When it comes to the Apple Watch, investors are biding their time.
During of the big event Monday to discuss the upcoming Apple Watch, the company's investors largely left the stock unmoved. Shares barely budged more than 1 percent up or down from their opening price of $126 per share, even following the event's conclusion.
So far, however, the Apple Watch has done Apple well. Shares have risen nearly 30 percent since the device was first announced in September, nearly half of that growth happening since the beginning of this year.
Investor reaction is always an interesting sideshow to Apple events. In the past, investors have often sold in reaction to the news, either responding to concerns about a product's ability to perform in the market, or merely raking in profits during the typical lead up period to an event.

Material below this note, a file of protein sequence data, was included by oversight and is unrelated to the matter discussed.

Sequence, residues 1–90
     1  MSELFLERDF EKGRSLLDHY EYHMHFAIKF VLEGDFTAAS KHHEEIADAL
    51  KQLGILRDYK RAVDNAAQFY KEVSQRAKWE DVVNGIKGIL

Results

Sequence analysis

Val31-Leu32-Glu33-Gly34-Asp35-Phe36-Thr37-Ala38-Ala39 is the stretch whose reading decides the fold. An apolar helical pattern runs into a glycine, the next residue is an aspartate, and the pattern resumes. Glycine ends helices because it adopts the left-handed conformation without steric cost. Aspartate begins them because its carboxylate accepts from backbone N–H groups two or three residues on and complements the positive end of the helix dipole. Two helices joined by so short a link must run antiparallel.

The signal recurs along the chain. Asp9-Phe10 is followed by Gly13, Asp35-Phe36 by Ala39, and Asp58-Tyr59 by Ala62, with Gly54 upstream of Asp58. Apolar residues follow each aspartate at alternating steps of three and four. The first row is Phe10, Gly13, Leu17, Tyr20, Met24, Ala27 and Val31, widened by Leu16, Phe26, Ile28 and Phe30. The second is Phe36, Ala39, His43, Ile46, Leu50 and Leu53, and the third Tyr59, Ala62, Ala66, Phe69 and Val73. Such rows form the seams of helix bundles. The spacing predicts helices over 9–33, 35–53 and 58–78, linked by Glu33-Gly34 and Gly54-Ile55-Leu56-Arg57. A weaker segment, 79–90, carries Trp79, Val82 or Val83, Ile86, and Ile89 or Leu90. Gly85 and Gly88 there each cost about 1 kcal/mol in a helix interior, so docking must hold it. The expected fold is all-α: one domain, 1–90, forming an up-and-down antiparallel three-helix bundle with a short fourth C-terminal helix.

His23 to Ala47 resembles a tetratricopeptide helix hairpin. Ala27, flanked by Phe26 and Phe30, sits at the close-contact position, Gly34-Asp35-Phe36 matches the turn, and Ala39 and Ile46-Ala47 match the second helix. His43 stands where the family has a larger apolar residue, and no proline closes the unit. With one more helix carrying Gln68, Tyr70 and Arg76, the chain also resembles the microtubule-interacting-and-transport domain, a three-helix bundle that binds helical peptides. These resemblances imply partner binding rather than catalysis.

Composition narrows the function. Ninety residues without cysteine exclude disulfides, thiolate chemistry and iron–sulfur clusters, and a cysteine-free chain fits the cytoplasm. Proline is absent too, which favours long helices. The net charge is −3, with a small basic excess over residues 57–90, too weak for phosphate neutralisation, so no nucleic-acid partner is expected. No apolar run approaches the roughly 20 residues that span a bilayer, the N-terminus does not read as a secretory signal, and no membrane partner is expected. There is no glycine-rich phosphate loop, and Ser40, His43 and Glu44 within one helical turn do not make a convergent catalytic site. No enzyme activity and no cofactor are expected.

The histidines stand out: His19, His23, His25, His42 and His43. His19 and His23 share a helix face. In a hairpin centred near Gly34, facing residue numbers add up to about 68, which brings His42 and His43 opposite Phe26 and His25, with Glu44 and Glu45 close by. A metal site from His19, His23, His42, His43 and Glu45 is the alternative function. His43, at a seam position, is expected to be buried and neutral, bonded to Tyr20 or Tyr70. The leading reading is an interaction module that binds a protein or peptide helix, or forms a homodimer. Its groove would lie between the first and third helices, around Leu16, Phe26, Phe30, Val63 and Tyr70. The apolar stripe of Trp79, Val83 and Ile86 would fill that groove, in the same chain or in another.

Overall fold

This is an unusual moment for the company. The Apple Watch represents the first new product since the death of the company's co-founder Steve Jobs, who ushered to market industry-changing products such as the Macintosh computer, the iPod music player, the iPhone and the iPad. Now Apple will need to prove it can develop ground-breaking new products without Jobs at the helm.
Aside from the Apple Watch, the company has had a busy couple of months. It sold a record number of iPhones over the holidays, and. The company , replacing AT&T as a key representative of the technology industry in the survey.
At $742 billion, Apple is already the world's most highly valued company. The oil behemoth Exxon, the world's second-most valued company, comes in at less than half at $360 billion.
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